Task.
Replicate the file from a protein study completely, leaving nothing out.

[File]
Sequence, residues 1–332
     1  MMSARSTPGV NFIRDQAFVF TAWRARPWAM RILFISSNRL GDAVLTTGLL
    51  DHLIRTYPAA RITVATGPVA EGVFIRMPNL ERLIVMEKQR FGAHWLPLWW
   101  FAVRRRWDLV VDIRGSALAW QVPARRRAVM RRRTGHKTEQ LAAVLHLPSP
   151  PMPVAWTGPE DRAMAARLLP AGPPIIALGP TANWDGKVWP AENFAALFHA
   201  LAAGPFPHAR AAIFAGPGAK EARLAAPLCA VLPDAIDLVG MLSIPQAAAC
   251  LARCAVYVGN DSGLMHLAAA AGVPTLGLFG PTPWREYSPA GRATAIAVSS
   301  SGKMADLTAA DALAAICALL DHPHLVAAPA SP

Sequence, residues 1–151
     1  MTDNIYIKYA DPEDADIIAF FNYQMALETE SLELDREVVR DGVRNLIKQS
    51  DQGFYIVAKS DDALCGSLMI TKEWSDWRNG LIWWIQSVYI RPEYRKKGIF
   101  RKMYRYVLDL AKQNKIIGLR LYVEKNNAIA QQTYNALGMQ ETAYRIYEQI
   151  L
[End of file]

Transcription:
Sequence, residues 1–332
     1  MMSARSTPGV NFIRDQAFVF TAWRARPWAM RILFISSNRL GDAVLTTGLL
    51  DHLIRTYPAA RITVATGPVA EGVFIRMPNL ERLIVMEKQR FGAHWLPLWW
   101  FAVRRRWDLV VDIRGSALAW QVPARRRAVM RRRTGHKTEQ LAAVLHLPSP
   151  PMPVAWTGPE DRAMAARLLP AGPPIIALGP TANWDGKVWP AENFAALFHA
   201  LAAGPFPHAR AAIFAGPGAK EARLAAPLCA VLPDAIDLVG MLSIPQAAAC
   251  LARCAVYVGN DSGLMHLAAA AGVPTLGLFG PTPWREYSPA GRATAIAVSS
   301  SGKMADLTAA DALAAICALL DHPHLVAAPA SP

Sequence, residues 1–151
     1  MTDNIYIKYA DPEDADIIAF FNYQMALETE SLELDREVVR DGVRNLIKQS
    51  DQGFYIVAKS DDALCGSLMI TKEWSDWRNG LIWWIQSVYI RPEYRKKGIF
   101  RKMYRYVLDL AKQNKIIGLR LYVEKNNAIA QQTYNALGMQ ETAYRIYEQI
   151  L